Back to Citation

4.  “Technical Support for State and Tribal Air Quality Fine Particle (PM2.5) Designations,” Chapter 6, pp. 347-352, December 2004.

Back to Citation

5.  In 2001, 2002 and 2006, design values for two monitors in Missoula County were 11.1, 11.4 and 11.8 μg/m3. . Computed from AQS monitoring data.

Back to Citation

6.  State of Montana, Department of Environmental Quality, “State Implementation Plan-Libby Annual PM2.5 Control Plan,” submitted to EPA April 1, 2008.

Back to Citation

7.  This threshold was upheld by the U.S. Court of Appeals for the DC Circuit in its adjudication of consolidated challenges to CAIR. See North Carolina v. EPA, 531 F.3d 896, 930 (DC Cir. 2008).

Back to Citation

8.  As EPA only evaluated sources of NOX and SO2 in CAIR, the CAIR modeling analysis, like the other evidence considered in this action, is not by itself dispositive of the issue of significant contribution.

Back to Citation

9.  Unless otherwise referenced, for AQS monitoring data and related design values referenced in this action see Table 1 and Table 2 in the docket document entitled: “Relevant Guidance and Supporting Documentation for the Proposed Rulemaking Federal Register Action Docket ID # EPA-R08-OAR-2009-0282.”

Back to Citation

10.  The Wisconsin nonattainment areas for the 1997 8-hour ozone standard include: Door, Kewaunee, Manitowoc, Sheboygan, Ozaukee, Washington, Milwaukee, Waukesha, Racine and Kenosha counties; the Chicago nonattainment area includes Cook County and several adjacent Illinois and Indiana counties (69 FR 23858, April 30, 2004).

Back to Citation

11.  Distances from Bismarck, North Dakota, to areas in other states are intended to approximate the average transport distance of emissions from sources in North Dakota to such areas.

Back to Citation

12.  See USGS data in EPA's January 14, 2010 docket memorandum: “Relevant Guidance and Supporting Documentation for the Proposed Rulemaking Federal Register Action Docket ID # EPA-R08-OAR-2009-0282.”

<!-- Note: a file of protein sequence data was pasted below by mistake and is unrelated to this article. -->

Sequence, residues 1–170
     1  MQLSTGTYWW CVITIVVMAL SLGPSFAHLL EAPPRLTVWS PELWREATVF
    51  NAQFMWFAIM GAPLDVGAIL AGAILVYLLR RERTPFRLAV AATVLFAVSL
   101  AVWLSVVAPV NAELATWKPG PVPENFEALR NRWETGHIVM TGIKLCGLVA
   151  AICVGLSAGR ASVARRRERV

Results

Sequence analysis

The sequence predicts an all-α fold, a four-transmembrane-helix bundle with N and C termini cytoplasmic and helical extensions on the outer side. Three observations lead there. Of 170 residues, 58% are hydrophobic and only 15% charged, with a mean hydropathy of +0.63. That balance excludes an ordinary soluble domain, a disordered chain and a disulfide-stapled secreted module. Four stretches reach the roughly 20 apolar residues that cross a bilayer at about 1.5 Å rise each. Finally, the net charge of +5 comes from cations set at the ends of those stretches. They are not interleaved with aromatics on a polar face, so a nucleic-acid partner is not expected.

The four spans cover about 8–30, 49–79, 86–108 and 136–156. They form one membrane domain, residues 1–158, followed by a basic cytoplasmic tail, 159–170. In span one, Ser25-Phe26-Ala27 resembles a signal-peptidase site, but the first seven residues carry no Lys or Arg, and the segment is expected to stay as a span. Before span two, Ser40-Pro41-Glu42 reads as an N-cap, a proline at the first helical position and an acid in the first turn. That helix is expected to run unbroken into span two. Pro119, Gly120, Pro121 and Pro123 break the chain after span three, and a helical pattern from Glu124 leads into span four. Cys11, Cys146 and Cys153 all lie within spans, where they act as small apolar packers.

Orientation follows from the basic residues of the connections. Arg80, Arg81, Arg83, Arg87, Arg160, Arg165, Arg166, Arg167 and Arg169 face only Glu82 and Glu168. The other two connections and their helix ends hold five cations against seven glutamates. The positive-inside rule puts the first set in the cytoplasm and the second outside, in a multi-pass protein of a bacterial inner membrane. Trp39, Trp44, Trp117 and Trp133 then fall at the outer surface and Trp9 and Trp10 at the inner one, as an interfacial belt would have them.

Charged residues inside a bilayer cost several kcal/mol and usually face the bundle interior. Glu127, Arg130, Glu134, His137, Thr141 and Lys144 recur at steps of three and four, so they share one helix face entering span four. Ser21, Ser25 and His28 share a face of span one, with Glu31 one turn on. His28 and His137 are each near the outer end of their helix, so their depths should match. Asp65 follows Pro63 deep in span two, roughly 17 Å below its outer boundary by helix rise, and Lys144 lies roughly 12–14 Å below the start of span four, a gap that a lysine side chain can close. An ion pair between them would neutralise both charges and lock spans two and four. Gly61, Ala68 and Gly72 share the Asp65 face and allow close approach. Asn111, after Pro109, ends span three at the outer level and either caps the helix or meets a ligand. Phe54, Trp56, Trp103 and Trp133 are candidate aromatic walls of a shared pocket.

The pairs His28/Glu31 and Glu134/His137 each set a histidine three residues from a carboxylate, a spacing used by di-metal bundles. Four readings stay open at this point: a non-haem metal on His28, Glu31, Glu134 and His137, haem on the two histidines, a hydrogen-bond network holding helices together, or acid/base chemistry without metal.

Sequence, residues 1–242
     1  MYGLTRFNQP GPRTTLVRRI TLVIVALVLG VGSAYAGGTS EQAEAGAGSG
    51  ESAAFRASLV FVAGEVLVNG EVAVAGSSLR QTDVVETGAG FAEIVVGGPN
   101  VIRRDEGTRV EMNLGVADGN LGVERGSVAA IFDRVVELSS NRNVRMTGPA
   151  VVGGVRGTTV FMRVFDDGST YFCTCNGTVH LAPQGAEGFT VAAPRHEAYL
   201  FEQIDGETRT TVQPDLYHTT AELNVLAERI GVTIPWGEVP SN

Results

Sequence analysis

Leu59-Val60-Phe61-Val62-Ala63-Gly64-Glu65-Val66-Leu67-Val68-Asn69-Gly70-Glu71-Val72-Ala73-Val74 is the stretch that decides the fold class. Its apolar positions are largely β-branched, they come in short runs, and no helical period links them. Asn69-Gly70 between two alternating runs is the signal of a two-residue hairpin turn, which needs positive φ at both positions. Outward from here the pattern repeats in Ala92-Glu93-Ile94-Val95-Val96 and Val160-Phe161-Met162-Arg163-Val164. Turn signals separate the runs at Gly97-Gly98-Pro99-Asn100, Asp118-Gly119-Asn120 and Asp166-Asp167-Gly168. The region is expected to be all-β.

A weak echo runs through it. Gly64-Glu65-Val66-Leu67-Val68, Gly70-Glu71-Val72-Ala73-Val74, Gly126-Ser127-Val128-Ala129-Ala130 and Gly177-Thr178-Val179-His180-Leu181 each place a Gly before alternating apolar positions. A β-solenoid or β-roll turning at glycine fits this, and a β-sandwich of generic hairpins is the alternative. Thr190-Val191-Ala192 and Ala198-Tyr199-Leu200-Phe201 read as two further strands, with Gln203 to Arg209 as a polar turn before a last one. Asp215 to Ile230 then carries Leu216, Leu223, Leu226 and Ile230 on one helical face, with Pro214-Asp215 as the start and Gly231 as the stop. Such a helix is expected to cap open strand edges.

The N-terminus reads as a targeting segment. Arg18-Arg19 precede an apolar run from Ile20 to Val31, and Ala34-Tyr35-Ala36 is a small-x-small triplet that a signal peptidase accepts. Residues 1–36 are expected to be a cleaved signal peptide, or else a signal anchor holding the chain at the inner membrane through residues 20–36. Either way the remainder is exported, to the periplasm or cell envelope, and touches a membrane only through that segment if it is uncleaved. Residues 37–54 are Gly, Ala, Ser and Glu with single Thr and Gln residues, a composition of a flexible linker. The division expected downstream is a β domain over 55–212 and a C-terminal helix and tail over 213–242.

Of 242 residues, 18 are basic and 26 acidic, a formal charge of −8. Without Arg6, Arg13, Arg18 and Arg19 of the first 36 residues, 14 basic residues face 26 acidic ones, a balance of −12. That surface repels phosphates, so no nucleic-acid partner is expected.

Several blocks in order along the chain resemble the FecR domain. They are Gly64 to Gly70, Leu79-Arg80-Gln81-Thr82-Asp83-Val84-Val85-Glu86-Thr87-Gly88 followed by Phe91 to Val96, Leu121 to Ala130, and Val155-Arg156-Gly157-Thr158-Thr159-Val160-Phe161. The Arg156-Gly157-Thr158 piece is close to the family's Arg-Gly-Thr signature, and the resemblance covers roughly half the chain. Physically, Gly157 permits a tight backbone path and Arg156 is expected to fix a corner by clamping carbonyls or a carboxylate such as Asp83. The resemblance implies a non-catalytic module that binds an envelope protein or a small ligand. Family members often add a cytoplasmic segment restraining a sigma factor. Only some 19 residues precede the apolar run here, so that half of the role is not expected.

Back to Citation

13.  Ozone Transport Assessment Group (OTAG), Air Quality Analysis Workgroup, “3.3 Climatology of Ozone Synoptic scale Transport in the Eastern US,” Figures 1(a) and 5(a), pp. 3, 6, January 11, 1998. The high ozone days included the days with ozone concentrations in the 90th percentile.

Back to Citation

14.  Ibid.

Back to Citation

15.  69 FR 4584 (Jan. 30, 2004) (“We are deferring findings for Texas, Oklahoma, Kansas, Nebraska, South Dakota and North Dakota, which at this time cannot be assessed on the same bases as States to the east because they are only partially included in the modeling domain * * *”).

Back to Citation

16.  The 400 mile distance to the nonattainment area is calculated from St. Cloud, and is intended to be a rough approximation of the average transport distance of NOX emission sources from Minnesota.

Back to Citation

18.  Minnesota was not listed among the upwind states that contribute significantly to downwind counties projected nonattainment for 8-hour ozone in the 2010 base year, and is not a CAIR state for the 8-hour ozone standard. 69 FR 4602, Table V-2; 70 FR 25167.

Back to Citation

19.  Ibid.

Back to Citation

20.  Wisconsin Department of Natural Resources, “Attainment Demonstration—The Wisconsin Counties of Kenosha, Racine, Milwaukee, Waukesha, Ozaukee, Washington, Sheboygan, Manitowoc and Door,” pp. 8, 51, September 2009.

Back to Citation

21.  Ibid. p. 14.

Back to Citation

[FR Doc. 2010-6894 Filed 3-30-10; 8:45 am]

BILLING CODE 6560-50-P